But when the time came when her patients needed her, she demonstrated real care and diligence. She would even skip lunch and stay on at the station when poncy doctors dropped their clipboards and headed for the cafeteria. And she was nice to me. She'd tell me stuff the consultants wouldn't repeat for me and give me pointers before my fat was fried by said consultants.
I also knew she had a tough life. It showed. But she fought it and kept going. I met her during an attachment back in the days before medical school. She gave me my first glimpse into the hell that is medicine.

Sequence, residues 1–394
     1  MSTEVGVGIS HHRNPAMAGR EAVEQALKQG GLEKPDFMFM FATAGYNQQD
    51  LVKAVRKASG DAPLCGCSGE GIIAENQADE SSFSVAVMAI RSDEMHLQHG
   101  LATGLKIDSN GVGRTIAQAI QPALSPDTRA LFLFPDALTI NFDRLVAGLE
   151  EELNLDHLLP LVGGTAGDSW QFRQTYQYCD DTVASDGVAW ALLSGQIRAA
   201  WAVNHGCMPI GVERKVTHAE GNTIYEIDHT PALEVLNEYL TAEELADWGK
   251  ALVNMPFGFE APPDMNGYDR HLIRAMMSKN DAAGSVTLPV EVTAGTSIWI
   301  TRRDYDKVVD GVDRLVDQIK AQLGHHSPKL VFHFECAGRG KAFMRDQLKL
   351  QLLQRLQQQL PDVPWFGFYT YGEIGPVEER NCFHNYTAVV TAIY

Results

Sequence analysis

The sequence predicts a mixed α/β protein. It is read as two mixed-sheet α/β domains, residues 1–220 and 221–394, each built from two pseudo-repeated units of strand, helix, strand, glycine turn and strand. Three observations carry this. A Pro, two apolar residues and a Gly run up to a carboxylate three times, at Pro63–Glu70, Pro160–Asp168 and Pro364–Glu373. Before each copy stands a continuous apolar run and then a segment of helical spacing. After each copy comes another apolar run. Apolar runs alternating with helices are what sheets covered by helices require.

Recently a family member of mine had to have surgery. I was sitting in the waiting room trying to be the strong voice of reassurance to my family. I was, after all, a highly educated medic, dammit. But all I managed was a bad impression of a castrato singer trying not to sound like a castrato singer.
Luckily I was rescued by a nurse. Read the whole story on Medscape's med student blog The Differential. Again, do leave a friendly comment if you like the post. I need to convince my Medscape bosses that I'm more than just a goofy smile on the blog...